Humans have evolved to become more domesticated, and there are multiple variables at work causing this shift. It wasn’t always this way, and human species have had a two-sided relationship with virtue and violence a long period of time. Dr. Richard Wrangham, author of The Goodness Paradox, joins on episode 233 to discuss this shift and relationship.
Professor Wrangham (PhD, Cambridge University, 1975) is Ruth B. Moore Professor of Biological Anthropology at Harvard University and founded the Kibale Chimpanzee Project in 1987. He has conducted extensive research on primate ecology, nutrition, and social behavior. He is best known for his work on the evolution of human warfare, described in the book Demonic Males, and on the role of cooking in human evolution, described in the book Catching Fire: How Cooking Made Us Human. Together with Elizabeth Ross, he co-founded the Kasiisi Project in 1997, and serves as a patron of the Great Apes Survival Partnership (GRASP).
It was neat to talk with Professor Wrangham about the ways that evolution has impacted humans as they have progressed. We also included some material on his understanding of cooking and its impacts.
how proactive and reactive aggression differ, and why that is important
some of the ways that Professor Wrangham has done research on chimpanzees to understand more about humans
where humans stand on the threshold of reactive and proactive aggression
the elements that separated Homo sapiens from the other species of humans
how intra and inter group cooperation without expectation of future returns works in principle but struggles in person
the impact of capital punishment as a way to reduce societal reactive aggression via conformity
the window of socialization that exists early in life
how the leaders of alpha males of a group impact the rest of the group, and what happens when they die off or are vanquished
You might know of Doruk Gundogan from his lawyering (word I just made up) after studying law at Cambridge, or you may know of him currently as an actor in the United States. Doruk joins us on episode 212 of the show to let us know about his story and perspective, and how an observational style gives a sense of self.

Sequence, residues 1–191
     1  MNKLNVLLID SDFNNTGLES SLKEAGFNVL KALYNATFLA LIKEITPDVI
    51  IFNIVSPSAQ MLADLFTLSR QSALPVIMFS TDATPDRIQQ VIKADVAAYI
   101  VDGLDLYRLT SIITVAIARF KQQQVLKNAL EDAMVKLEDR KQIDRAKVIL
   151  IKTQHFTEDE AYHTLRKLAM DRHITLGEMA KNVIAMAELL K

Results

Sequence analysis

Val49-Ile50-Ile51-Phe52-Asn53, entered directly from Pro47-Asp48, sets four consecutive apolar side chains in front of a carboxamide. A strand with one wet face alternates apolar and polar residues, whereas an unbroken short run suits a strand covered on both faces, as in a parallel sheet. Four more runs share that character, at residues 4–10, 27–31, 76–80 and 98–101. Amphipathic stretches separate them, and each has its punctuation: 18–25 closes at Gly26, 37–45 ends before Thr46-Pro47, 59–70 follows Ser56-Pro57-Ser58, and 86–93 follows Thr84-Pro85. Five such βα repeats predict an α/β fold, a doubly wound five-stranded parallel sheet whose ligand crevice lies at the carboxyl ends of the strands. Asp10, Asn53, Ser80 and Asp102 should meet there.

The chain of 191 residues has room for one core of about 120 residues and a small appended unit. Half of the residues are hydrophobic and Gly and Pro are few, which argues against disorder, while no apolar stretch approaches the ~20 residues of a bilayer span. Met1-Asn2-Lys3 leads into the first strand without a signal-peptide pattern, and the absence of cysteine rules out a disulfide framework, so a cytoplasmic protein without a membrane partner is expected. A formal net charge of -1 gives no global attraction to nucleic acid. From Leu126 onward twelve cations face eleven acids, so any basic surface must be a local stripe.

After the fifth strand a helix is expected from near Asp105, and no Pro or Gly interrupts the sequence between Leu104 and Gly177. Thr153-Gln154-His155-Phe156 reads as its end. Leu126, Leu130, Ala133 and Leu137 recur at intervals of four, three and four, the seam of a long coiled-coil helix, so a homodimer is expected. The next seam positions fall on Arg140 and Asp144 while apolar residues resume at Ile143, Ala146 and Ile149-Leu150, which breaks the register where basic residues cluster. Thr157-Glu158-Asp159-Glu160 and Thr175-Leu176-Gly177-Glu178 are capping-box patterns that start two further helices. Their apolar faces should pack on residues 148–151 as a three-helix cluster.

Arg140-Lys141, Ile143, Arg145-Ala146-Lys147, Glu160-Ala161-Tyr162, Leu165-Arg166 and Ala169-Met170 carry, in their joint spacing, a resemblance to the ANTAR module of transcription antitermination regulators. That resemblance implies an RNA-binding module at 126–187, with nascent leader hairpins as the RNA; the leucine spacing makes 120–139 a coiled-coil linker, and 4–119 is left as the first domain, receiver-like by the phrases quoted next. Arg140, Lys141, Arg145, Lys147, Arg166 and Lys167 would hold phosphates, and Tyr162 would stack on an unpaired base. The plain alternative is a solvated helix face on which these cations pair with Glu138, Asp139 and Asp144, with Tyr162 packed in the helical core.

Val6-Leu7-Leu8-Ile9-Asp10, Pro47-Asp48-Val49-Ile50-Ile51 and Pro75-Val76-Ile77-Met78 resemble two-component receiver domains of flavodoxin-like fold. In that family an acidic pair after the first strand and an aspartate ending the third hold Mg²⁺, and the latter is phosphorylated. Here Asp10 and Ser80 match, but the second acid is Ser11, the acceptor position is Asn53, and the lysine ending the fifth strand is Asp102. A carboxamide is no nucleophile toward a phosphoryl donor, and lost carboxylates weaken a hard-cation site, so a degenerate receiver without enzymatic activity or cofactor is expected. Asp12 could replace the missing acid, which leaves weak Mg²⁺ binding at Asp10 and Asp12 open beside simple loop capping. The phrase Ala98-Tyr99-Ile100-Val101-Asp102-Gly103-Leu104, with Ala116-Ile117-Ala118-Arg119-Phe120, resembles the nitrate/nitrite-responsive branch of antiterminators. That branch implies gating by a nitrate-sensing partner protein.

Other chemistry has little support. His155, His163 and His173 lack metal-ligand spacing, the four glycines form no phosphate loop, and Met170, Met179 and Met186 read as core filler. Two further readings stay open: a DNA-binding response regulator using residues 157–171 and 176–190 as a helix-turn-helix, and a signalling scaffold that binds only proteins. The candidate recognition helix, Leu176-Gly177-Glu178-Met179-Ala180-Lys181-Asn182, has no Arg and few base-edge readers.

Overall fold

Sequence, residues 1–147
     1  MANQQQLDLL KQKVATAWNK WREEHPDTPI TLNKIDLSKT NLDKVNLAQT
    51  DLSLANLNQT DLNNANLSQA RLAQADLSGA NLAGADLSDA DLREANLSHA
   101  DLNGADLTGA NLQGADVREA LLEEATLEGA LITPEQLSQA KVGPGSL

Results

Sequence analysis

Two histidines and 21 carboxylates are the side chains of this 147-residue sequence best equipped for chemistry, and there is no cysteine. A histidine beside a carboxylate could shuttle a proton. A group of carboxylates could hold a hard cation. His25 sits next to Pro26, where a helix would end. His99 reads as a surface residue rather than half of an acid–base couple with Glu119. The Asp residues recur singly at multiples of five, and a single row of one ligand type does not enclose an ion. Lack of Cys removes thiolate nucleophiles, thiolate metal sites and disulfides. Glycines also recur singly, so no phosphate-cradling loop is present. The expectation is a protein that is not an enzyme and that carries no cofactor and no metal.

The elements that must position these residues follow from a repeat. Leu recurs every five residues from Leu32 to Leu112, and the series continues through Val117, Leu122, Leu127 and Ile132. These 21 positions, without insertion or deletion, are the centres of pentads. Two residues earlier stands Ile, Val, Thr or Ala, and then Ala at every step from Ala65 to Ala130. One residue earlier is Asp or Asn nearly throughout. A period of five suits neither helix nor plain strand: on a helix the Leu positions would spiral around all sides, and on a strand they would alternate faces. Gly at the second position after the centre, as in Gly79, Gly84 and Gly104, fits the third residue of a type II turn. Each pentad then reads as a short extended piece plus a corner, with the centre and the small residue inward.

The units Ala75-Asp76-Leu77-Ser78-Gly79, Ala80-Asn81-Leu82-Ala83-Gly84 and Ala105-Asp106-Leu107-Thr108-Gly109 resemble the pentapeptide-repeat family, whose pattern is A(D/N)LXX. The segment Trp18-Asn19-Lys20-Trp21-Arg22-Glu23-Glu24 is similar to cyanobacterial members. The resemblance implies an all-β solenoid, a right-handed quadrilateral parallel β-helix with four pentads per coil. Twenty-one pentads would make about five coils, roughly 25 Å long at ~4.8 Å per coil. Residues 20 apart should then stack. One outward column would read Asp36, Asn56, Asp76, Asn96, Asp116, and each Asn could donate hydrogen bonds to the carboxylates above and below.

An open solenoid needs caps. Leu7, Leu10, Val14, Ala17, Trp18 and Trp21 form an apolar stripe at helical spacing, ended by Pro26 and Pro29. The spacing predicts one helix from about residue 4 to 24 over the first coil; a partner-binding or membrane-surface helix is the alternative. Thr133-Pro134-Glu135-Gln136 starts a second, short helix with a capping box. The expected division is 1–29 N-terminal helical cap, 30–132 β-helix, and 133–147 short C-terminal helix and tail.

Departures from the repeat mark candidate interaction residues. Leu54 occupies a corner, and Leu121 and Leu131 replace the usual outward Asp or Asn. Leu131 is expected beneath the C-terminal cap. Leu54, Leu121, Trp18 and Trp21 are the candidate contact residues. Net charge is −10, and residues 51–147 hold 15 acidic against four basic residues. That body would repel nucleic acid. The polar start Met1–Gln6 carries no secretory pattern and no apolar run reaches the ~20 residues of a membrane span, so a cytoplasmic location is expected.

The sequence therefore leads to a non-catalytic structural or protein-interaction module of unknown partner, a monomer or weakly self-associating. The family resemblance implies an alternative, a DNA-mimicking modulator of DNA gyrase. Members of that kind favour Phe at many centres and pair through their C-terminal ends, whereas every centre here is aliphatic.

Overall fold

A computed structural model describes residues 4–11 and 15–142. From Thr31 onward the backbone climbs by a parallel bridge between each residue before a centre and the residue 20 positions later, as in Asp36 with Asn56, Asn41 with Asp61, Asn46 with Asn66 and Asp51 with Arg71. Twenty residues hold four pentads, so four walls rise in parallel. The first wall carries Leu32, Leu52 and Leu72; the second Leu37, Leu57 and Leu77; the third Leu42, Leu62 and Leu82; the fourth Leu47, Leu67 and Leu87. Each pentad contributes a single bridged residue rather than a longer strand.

why observation is a big basis for how you understand others and develop your own style in response
how the small details of a person’s actions and behaviors can say a lot about who they are in a short period of time
how not being too concerned with your success in a category gives you a big advantage in the category
what kind of risk it is to change up your living situation or profession in a world where these things are commonly fixed in place
how the visceral response to the uncomfortable leads to the expression of our internal humanity that was there the whole time
why it is very valuable to question all that is around you
how Doruk had a long-term plan to shift to his current acting role that felt more appropriate as a thing
battle between me and Doruk inspired by no one else who was there
Dr. Daniel Z. Lieberman, co-author of The Molecule of More: How a Single Chemical in Your Brain Drives Love, Sex, and Creativity–And Will Determine the Fate of the Human Race, joins on episode 201 of the show~.
He divides his time between teaching, writing, and patient care. He is a clinical psychiatrist who received his medical degree from New York University School of Medicine, after undergraduate work at St John’s College. He is Professor of Psychiatry and Behavioral Sciences at George Washington University, and is also Vice Chair for Clinical Affairs.
In this episode, we discussed:
Dr. Lieberman’s career, and the steps he took to be where he is at
some of the nice features of the Great Books program at St. John’s College
the details of his co-written book that focuses on dopamine
anticipatory effects and the connection to the unexpected
how drugs give hits of dopamine, and the pull to return to them
percentages of rewards needed to keep people playing games or using social media
desire dopamine versus control dopamine, and how dopaminergic individuals can flourish
agentic and affiliative relationships, and the people who prefer each type
control dopamine’s importance inhibiting aggression driven by passion
7R variant of the D4 receptor gene for dopamine and its link to migration
conservative and liberal perspective, and their connection to a dopamine or H&N(here-and-now) based set of neurotransmitters
liability of dopaminergic individuals, and their elements of most success
how to take into account one’s state for balance purposes